Aug 27 2009

Restore Anywhere

Backup Exec System Recovery allows for rapid disaster recovery and flexible administration of server configurations.

Backup Exec System Recovery from Symantec is designed for businesses with just a handful of servers running line-of-business applications that need maximum uptime protection. The key features of BESR are its ability to image targeted computers so that they can be quickly restored to the same hardware, to different hardware or to a virtual machine.

Restoring a broken server to different hardware or to a virtual machine using BESR’s Restore Anywhere feature is ideal for system administrators.  Not only does it allow for rapid recovery from a system failure, but for a growing enterprise, it also makes redeployment of a server to new hardware a snap.

BESR Server Edition offers complete Windows Server 2008 support for 64-bit architectures. The Granular Recovery option enables file and folder restore from a backup image. BESR also includes network drivers for backup to FTP or other network locations.

Preparing for Restore Anywhere

BESR does a complete hardware scan to start and compares against drivers on the backup image. When backing up to dissimilar hardware, you will be prompted for device drivers that are different from those on the source system. Some of this can be bypassed because video, USB and network drivers can be loaded later from the running operating system.

You need to have RAID cards prepared and logical volumes configured before beginning Restore Anywhere. BESR will format the drive when the image is written, but the volumes should be set up and sized for the new system. BESR will only use as much space on the destination drive as was used on the source. Thus, if 20 gigabytes was used on the source and the destination has a capacity of 300GB, then there will be 280GB of usable space on the new server post-recovery.

If you are performing a planned migration, make sure to empty the trash and perform a checkdisk /r to fix any issues on the source disk before creating the BESR image.

Adding Custom Drivers to System Recovery Disks

Although network, video and other extraneous drivers can be installed once the restored system is booted up on the new hardware, storage drivers cannot.

Before attempting a Restore Anywhere to new hardware, insert the BESR System Recovery disk into the destination system and run the Driver Validation feature. This checks the devices on the destination system against the driver database on the System Recovery disk.

Once you have assembled the necessary drivers, a custom System Recovery disk can be produced from the Backup Exec System Recovery console by selecting Create Recovery Disk from the Tasks menu. The wizard will identify all drivers on the system on which it is running. You can add additional drivers by selecting the Custom option from the wizard and browsing to the location of your extracted drivers.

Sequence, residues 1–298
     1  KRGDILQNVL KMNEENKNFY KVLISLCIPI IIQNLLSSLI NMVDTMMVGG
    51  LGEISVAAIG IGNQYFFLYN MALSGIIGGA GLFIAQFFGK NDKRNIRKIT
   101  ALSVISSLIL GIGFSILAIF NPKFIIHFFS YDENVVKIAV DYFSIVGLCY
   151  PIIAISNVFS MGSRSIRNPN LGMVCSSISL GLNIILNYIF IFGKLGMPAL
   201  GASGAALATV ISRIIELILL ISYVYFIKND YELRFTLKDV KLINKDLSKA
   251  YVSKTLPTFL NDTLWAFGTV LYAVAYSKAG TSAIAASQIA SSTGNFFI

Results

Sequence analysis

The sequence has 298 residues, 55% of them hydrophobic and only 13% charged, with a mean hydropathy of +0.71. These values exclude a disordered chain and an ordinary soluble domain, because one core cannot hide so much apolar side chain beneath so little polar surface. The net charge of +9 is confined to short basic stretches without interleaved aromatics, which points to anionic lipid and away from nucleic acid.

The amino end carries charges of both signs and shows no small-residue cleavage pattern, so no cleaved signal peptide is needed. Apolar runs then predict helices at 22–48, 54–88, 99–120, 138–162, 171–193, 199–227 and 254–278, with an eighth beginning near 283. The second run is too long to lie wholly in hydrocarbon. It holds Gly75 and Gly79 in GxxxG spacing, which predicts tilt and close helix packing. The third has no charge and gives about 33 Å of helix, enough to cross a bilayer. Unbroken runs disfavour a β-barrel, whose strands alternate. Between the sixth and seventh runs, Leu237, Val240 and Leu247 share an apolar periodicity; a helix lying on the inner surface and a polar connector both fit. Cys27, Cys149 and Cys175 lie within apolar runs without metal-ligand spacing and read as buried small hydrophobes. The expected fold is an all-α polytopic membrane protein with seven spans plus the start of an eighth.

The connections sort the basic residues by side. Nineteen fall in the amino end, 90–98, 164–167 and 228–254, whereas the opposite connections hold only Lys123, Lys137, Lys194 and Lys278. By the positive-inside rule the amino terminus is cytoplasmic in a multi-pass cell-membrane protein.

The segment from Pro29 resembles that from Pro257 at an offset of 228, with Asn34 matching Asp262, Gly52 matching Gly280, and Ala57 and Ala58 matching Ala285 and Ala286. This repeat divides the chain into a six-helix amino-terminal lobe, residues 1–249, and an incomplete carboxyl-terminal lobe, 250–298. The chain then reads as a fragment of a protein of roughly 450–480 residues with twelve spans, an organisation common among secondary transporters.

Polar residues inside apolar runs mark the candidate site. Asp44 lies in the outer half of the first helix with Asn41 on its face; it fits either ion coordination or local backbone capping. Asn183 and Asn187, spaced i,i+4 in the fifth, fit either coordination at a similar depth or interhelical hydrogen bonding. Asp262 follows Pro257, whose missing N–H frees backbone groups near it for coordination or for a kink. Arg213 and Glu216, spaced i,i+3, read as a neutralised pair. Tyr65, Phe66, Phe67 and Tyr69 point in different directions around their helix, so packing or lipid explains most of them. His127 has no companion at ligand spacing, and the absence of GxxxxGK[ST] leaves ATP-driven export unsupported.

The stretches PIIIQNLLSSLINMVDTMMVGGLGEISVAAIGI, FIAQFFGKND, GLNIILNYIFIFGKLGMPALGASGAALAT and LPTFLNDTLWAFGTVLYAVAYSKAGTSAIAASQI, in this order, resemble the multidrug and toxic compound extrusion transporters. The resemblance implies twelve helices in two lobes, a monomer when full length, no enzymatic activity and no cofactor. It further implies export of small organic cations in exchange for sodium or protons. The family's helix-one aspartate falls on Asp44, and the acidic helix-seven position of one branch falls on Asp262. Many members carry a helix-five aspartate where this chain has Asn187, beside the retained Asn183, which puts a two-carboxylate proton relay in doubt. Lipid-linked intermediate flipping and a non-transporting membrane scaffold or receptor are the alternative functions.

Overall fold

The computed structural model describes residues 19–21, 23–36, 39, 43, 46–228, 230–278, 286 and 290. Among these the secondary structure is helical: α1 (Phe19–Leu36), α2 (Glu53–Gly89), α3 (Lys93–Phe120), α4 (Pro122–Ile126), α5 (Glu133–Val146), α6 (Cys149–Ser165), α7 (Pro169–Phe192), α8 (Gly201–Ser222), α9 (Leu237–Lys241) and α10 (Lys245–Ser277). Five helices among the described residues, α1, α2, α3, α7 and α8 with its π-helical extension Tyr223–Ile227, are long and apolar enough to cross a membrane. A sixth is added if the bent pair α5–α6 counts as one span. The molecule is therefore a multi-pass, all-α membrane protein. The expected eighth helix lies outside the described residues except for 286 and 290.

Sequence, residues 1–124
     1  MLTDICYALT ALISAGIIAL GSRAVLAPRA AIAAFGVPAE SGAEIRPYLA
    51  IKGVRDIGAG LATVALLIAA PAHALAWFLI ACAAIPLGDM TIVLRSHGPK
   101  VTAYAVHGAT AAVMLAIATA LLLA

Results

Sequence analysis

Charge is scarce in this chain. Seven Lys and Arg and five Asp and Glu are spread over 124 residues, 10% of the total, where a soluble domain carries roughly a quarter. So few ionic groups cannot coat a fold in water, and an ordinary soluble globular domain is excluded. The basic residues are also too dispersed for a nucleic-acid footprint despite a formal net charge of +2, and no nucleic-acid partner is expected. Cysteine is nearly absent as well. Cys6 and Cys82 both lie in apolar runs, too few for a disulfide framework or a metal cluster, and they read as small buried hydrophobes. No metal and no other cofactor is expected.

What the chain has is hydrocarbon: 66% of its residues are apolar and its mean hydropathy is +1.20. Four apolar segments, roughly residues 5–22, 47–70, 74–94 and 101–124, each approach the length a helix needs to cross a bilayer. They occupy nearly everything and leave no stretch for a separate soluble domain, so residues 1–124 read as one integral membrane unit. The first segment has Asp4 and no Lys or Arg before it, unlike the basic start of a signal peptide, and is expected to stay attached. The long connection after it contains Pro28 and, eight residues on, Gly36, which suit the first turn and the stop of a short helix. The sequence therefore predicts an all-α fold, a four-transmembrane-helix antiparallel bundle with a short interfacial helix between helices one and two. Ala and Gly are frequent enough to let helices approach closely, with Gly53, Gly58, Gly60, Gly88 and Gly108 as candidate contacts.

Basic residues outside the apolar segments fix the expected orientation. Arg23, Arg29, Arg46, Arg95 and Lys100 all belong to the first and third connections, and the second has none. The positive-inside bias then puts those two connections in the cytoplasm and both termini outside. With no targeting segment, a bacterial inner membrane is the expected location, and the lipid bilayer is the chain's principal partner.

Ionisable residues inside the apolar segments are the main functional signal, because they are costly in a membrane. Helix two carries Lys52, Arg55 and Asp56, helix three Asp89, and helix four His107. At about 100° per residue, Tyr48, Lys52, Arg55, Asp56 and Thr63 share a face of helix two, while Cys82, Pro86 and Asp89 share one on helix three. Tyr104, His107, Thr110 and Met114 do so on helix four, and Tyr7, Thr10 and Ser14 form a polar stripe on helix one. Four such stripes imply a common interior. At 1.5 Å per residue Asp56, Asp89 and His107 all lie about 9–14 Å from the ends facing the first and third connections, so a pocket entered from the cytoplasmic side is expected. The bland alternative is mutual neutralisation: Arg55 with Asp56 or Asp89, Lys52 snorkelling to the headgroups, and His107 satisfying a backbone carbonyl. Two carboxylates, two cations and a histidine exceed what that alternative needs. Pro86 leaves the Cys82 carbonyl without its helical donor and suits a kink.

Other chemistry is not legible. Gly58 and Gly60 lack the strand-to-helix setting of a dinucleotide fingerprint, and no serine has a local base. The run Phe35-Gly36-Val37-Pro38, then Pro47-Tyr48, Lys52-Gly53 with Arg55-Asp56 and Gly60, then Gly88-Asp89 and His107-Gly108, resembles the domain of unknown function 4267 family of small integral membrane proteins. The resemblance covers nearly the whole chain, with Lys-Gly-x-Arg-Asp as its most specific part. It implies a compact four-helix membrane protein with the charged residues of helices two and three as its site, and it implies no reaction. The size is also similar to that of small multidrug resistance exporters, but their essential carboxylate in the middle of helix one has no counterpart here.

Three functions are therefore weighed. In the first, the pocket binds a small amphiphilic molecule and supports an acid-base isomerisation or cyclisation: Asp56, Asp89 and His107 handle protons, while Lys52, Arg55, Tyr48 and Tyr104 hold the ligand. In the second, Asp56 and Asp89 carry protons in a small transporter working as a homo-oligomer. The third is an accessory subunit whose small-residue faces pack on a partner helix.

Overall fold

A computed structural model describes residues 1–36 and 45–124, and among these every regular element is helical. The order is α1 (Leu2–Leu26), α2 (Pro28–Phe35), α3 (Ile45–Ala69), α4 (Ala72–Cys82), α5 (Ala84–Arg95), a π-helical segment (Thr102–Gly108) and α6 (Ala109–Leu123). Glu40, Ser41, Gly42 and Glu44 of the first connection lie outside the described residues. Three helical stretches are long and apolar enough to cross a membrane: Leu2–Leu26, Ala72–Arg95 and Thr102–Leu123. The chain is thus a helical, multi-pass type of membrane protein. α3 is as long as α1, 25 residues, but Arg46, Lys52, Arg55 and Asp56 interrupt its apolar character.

Your drivers must be fully unpacked and include the .inf files. Many installers that come in the form of a setup.exe file can be extracted from a command line into a destination folder without actually running the setup and installing the drivers. This makes assembly of the collected drivers easy. For example, most Intel drivers can be extracted from the setup.exe by the command line, <setupfilename> /e /f <destination path>.

Performing the System Recovery

  • Boot the system with the System Recovery disk. This starts up in Windows PE environment.
  • Start networking services if recovering from a network source.
  • Console appears. Select Home > Recover My Computer. This starts the BESR Wizard.
  • View Recovery Points by Filename, not Date. Choose Date only to restore an image from the backed-up hardware. If you don’t select by file name, you will not be able to select the Restore Anywhere feature later.

Figure 1: Correct Restore Anywhere File Selection.

  • Use the browse button to find the recovery point file. Filename will look like this: computername_backuppoint_00x.v2i
  • When the recovery point file is selected, Recovery Point Details will be displayed in the wizard window. File details that will be shown or can be modified include:

Created: Date and Time
Spanned: No (for single backup image)
Computer Name: computername (of computer being restored)
Restore Anywhere: Permitted (this is your key to success)
Drive: No Label (C:) is standard
Size: Size of drive being restored, not the destination
File System: NTFS in this example
Recovery Point Description: None

  • In Drives to Recover To, select the primary hard drive of the destination computer.
  • Select drive active (for booting OS): Yes
    Restore Original Disk Signature: Off for single-partition computers — one c:\ drive. (On if you had custom drive letter mappings on an old computer; for example, additional partitions)
    Restore Master Boot Record:  On.

Figure 2: Options for Restore Anywhere to new hardware.

  • Tick the Use Restore Anywhere box. This is the crucial step that invokes the installation of drivers, etc.
  • The final step is to check your settings in the final window and to tick the Reboot when finished box. Clicking Finish invokes the recovery process.

Backup Exec System Recovery’s Restore Anywhere is an important feature of the BESR product. It enables rapid disaster recovery and flexible administration of server configurations in a small enterprise. It is flexible enough to test thoroughly so that administrators can practice using the feature before they need to.

Connor Anderson is vice president of Riverfront Technology in Clinton, Iowa.